HIS103Y1 Lecture Notes - Thai Baht, Ion, Contin
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November 24th 2010
Bonaparte and the Demise of the balance of power.
The internal political situation in France, after effects of the revolution, alm
ost inevitable that the french revolutionairy elite would turn to military stron
gman to consolidate the revolutionary gains and to fend off their counter revolu
tionary enemies. But the conspiracy they had in mind was a temporary military di
ctatorship, breathing space within which to put things in order and then see off
their external enemies.
What was accidental, was that the choice for the notionally 'temporary' military
strong man fell about Napoleon Bonaparte. He was the fourth choice of the polit
ical conspirators, Joubert had been killed, Jourdain was simply too republican/j
acobin/radical, Moreau could have had it all...but he doubted his own suitabilit
y for the role and recommeded Bonaparte.
18th Brumaire (November) 1799 - Coup D'etat. Conspirators backed Napoleon to di
solve the convention, Napoleon appointed First Council. Showed great political t
alent, and obtained dictorial power...His reputation depended on his ability as
a soldier, only on the battlefield could he concentrate and consolidate the poli
tical power that had been handed to him. He rapidly moved to engage the French R
epublic's enemies. Britain hard to get too through the English Channel /Manche.
Russians withdrew from the war because of lack of assistance from Austria.
Moreau thrust into southern Germany to get into Vienna. Napoleon doubted the suc
cess of a full frontal invasion. Napoleon went to northern Italy, battle against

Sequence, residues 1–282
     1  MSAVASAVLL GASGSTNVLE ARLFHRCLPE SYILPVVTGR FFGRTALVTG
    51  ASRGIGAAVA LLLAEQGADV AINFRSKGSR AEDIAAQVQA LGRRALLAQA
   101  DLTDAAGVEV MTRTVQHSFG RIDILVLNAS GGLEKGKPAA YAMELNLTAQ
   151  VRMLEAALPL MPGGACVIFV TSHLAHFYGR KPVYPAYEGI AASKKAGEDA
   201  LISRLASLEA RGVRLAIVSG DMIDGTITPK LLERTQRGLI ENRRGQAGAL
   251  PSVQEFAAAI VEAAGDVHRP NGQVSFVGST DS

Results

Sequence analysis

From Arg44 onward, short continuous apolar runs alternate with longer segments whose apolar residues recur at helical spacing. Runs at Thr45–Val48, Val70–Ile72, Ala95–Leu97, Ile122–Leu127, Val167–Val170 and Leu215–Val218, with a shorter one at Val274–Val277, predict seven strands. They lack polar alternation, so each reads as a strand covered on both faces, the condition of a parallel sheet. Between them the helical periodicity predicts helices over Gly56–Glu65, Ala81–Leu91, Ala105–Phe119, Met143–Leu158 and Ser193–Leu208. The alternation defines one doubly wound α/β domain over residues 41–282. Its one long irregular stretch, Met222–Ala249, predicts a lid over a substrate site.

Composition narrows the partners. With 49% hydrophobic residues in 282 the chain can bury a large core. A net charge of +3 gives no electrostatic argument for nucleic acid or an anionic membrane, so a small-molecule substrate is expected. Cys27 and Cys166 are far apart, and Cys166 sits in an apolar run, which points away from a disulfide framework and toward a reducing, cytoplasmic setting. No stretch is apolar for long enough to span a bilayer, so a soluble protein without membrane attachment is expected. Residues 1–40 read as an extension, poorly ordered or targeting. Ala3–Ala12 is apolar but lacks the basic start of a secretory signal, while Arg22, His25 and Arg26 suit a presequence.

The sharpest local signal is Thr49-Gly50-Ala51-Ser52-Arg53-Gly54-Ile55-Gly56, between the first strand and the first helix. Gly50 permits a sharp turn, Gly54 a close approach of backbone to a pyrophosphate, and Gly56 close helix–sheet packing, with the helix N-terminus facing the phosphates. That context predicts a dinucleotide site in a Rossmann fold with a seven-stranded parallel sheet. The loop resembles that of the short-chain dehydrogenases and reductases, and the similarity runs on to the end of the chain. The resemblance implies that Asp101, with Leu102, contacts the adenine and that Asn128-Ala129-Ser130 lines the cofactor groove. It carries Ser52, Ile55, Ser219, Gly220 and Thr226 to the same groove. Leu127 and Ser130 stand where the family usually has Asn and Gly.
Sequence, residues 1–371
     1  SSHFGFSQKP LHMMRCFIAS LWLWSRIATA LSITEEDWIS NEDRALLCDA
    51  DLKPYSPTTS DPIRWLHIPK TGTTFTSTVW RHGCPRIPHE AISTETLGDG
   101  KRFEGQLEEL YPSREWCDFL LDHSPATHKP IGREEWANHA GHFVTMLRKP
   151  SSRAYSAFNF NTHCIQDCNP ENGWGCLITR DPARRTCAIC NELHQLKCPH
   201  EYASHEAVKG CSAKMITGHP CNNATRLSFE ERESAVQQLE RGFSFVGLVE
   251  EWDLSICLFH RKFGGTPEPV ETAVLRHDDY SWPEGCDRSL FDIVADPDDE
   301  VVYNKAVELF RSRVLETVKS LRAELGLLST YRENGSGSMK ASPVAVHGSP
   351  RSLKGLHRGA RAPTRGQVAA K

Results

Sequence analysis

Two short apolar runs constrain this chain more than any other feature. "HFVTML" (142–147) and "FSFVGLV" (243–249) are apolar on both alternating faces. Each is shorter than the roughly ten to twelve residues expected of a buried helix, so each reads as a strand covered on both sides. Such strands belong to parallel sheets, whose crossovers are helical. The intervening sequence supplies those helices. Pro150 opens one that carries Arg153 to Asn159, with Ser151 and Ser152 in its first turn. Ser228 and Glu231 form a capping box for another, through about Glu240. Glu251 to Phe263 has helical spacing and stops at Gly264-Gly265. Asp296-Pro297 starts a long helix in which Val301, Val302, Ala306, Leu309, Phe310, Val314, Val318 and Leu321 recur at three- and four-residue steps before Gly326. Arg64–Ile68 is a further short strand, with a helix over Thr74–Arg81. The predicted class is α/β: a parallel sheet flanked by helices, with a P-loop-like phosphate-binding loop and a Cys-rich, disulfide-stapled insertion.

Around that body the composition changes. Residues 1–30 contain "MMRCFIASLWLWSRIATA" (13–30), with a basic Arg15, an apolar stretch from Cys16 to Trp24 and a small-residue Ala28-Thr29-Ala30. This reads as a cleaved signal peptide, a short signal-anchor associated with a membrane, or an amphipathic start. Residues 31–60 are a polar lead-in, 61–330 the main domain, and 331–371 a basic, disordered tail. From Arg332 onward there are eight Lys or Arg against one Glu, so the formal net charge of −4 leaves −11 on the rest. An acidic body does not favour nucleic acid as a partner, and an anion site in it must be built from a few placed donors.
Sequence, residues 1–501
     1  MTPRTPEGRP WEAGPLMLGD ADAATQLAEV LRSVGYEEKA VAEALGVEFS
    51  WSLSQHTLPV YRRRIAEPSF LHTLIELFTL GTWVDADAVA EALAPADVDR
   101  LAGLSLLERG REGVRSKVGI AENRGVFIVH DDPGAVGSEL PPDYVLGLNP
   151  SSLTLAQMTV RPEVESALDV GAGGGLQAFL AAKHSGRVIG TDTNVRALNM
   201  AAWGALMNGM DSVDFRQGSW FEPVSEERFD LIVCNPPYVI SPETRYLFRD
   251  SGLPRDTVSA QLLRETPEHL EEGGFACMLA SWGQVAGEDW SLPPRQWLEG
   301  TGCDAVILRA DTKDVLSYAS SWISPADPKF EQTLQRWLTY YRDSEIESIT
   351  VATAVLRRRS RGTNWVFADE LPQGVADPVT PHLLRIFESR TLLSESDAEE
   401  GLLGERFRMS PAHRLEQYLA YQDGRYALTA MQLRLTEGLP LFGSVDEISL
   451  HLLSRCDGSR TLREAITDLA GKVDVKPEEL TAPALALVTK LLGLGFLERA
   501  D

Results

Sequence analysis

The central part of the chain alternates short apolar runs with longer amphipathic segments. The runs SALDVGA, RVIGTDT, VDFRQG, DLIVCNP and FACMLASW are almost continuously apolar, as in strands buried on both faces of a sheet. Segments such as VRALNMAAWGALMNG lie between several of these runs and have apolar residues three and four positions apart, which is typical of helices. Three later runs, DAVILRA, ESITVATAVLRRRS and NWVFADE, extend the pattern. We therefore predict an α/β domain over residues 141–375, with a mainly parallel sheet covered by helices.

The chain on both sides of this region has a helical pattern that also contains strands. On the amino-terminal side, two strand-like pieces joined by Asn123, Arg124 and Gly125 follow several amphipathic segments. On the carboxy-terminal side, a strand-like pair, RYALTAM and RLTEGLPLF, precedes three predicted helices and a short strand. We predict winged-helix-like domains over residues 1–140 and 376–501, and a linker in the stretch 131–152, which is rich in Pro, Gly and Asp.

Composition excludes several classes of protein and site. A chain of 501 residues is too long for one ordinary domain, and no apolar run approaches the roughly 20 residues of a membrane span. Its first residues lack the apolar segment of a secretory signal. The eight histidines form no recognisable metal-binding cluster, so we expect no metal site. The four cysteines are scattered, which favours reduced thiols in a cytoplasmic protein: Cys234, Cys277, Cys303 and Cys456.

April 1800, crossed the alps from switzerland, confronted the Austrians in Maren
go, 14th June 1800.Napoleon was so anxious that he had rushed into battle. Outn
umbered, starting to lose.
However a nearby french troupe, led by Dessais, aided them, stabilizing the fren
ch line, giving Napoleon the victor. Enough to encourage Moreau to swoop across
the Rhine in Hohenlinden, near Bavaria, 3rd December 1800, routed the Austrians.
Had no choice but to surrender, peace of Luneville, 9th feb 1801. Forcing Austr
ian's to accept the legitimacy of the french territories on the left bank of the
Rhine. Austrian Netherlands, gone.
Once more annexed and absorbed by France.
In Italy, Venice still Austrian, but lost posessions in Tuscany.
February 1801, Anti French Will Pitt the younger resigned. Negociations were sta
rted, Peace of Amiens 25th March 1802. French Revolution triumphed at home and a
broad. Balance of Power was in jeopardy from this now irresistably dominant bloc
of french power, with now satelite regimes...belgium, switzerland...etc. Seemed
like there was no potential source of resistance.
Remarkably however, despite english financial exhaustion and popular disenchantm
ent to continue this unfair war against the French, They were at war once more.
Pitt put back in power, ruling class gathered around the project of confronted t
he french empire threat.
Why so soon after the peace of amiens? In part, fundamental divergence of purpos
e. For Britain, a balanced and divided europe was the precondition of its contin
ued global maritime commercial domincance. If Britain was safe in it's backyard
, it was at liberty to spread across the world with it's fleet for trade and col
onialism. It dawned on Napoleon that the peace of amiens was better suited to br
itain than france because it allowed them carte blanche over the world = power +
profit. Even in Europe, the french felt contained by the 'threat' of the power
of the british navy. Therefore, it was no surprise that the french controlled pr
ess began to publish articles suggesting another invasion of Egypt...clear provo
cation to Britain. But mostly a clue that the emperor was not pleased. Napoleon
breached the terms by invading some land in Italy. His subversion of the indepen
dance of the italian states provocated England and Russia.
18th may 1803, Britain formally declares war on France. Problem of the french no
Napoleon puts together the Grande Armee. Britain maintained a constant naval pat
rol (30 men) in the Channel, that scattered any french effort. This wooden wall
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